Directors of public health are the fabric from which the future of public health is woven.
Last week, I had the great pleasure of opening the first face to face ADPH annual conference since 2019.
Given we are celebrating the 175th
anniversary of the first Medical Officer of Health this year, the occasion was especially poignant. After all, the fact that we were able to come together in one room was thanks, in no small part, to the innovative and agile practice of directors of public health (and their equivalents) around the world working with so many partners, helping to get Covid-19 under at least some sort of control.
The pandemic undoubtedly pushed DsPH into the spotlight like never before and we should rightly be proud of our contribution over the last three years. Its shadow still looms large and, over the past year, we have been seeking to widen our gaze and harness the power of the voice Covid-19 has given us to advocate for the whole range of public health issues our communities face – both behind the scenes and, when appropriate, in front of the camera.
In particular, we are in a better position than ever before to highlight the deep inequalities that exist in our communities and across the UK. Inequalities that were evident to Dr Duncan 175 years ago, were brought to the fore during Covid-19 and sadly are a significant factor in all public health issues.
It has obviously been a turbulent time – not just due to the effects of the pandemic, but thanks too to the changes in Government the country has faced throughout this past year when positions and priorities have seemingly changed with each new appointment. That’s all the more reason for us to remain rooted in what we know, being firm in taking an evidence based approach and the values that come from that and in representing the professional views and experiences of members.
Our history shows us that this tried and tested approach is important to stick to in challenging times and means that when we call for policy, practice and system changes, we are coming from a clear core of evidence and values. This is especially important when arguing for holistic policy solutions to improve health disparities that, without intervention, will continue to pass down through the generations. The fact that health inequalities cannot be addressed by funding healthcare alone is quite clear from local practice, and needs to be reflected in national policy too.
This work will clearly be ongoing and it is my belief that as our reach continues to widen, our work to improve practice, influence policy and improve people’s health will also reach further. That work needs to be informed by the voice, settled professional judgement and expertise of our members.
The conference theme was ‘Working with Business: the good, the bad and the ugly
’ – a theme not only of the moment, but also inextricably linked with health outcomes. There are record numbers of people unemployed as a result of sickness and it is vital, not just for those people as individuals, but for society as a whole for us to radically rethink how we live and work.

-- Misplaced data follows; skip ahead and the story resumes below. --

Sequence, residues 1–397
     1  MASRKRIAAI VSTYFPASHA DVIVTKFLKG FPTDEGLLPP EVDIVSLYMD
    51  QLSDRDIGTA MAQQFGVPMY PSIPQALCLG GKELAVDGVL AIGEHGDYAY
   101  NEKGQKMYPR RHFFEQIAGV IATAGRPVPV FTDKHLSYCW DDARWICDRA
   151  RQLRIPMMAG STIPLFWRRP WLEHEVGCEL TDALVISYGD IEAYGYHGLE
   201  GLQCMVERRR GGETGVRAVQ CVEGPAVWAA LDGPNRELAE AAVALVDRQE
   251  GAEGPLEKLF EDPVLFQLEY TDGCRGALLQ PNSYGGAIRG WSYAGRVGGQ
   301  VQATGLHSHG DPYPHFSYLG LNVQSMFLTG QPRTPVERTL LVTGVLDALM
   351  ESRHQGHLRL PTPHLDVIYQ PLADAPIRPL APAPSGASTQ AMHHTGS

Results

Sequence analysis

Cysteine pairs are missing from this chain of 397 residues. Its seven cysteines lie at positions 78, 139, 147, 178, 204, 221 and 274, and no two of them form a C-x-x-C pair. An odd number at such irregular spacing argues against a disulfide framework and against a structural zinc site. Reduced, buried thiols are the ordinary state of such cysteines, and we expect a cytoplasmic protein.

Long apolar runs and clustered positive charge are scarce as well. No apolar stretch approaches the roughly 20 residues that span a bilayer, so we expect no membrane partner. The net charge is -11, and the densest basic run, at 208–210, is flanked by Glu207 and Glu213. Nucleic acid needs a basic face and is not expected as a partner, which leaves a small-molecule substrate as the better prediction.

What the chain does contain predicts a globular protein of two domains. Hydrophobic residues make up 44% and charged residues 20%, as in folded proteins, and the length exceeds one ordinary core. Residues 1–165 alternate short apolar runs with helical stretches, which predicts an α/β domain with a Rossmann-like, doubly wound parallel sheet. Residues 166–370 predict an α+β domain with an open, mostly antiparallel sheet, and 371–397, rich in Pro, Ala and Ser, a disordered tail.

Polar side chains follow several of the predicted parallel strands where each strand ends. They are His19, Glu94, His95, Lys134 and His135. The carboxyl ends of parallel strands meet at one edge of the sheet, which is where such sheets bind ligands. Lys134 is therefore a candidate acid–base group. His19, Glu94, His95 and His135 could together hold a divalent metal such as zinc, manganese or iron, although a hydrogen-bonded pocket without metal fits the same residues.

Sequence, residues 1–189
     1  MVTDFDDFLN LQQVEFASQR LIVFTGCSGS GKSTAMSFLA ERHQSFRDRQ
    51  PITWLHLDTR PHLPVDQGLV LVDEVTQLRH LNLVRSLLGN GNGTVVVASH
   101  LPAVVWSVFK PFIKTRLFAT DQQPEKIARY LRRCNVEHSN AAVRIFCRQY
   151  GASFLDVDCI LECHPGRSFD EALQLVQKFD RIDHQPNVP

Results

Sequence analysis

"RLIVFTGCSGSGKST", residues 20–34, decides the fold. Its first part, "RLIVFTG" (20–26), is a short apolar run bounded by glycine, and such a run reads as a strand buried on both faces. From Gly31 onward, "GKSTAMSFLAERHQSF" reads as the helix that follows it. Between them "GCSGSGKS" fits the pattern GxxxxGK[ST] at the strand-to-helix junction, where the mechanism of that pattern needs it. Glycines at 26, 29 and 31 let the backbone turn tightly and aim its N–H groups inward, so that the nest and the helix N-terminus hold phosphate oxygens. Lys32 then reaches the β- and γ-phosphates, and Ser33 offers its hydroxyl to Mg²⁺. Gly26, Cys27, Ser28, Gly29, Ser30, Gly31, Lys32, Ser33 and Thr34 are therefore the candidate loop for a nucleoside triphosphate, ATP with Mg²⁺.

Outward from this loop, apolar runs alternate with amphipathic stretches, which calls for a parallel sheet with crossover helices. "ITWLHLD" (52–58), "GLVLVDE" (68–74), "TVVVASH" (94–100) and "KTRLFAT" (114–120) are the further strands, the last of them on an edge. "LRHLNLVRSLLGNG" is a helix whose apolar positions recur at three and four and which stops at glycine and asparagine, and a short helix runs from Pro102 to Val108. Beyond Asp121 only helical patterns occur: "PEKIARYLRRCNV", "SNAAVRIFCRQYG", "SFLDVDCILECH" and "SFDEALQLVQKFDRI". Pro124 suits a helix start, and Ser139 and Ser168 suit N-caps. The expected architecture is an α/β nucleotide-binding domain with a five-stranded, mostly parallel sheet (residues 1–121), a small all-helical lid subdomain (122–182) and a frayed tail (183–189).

By improving workforce health, the positive knock on effect to the local community – and nationally – will be felt for generations to come, making health and wellbeing the expected societal norm and helping UK grow economically.
It is now our job therefore to articulate the strong evidence that shows good health, good work and a good economy are mutually interdependent, and advocate for that to be turned into good policy.
Throughout the day, we heard from a range of excellent and engaging speakers about the commercial determinants of health and the role business has to play in promoting public health – as employers, investors, contractors and influencers. In between sessions, our members – all public health professionals – were able to share successes and debate ideas, ask questions and test theories and we all came away with a renewed sense of purpose and intent: health must be at the heart of all policy, and must be practiced to a consistently high level across all sectors for us – and the country – to thrive.
The conference also saw our first ever ADPH award ceremony
, celebrating some of the amazing work DsPH and their teams have done over the last few years. Of course, everyone nominated deserved to win, and my hope is that hearing stories and examples from different regions has given all our members an opportunity to take a moment and remember just how important their work is.
It is a huge privilege to represent my profession as President of ADPH and this year’s 175th
anniversary has been particularly special. It has given us even more reason to take stock of and celebrate all the profession has achieved, and build on this for the future.
Our work as local leaders for public health could be described as being the glue for when things become unstuck. Ultimately, it is based on the same principles as in 1847, those of partnership, collaboration and practicality. Sadly, we often find ourselves dealing with the same fundamental issues but, we are making a difference and, as a result, are helping people live longer, healthier lives.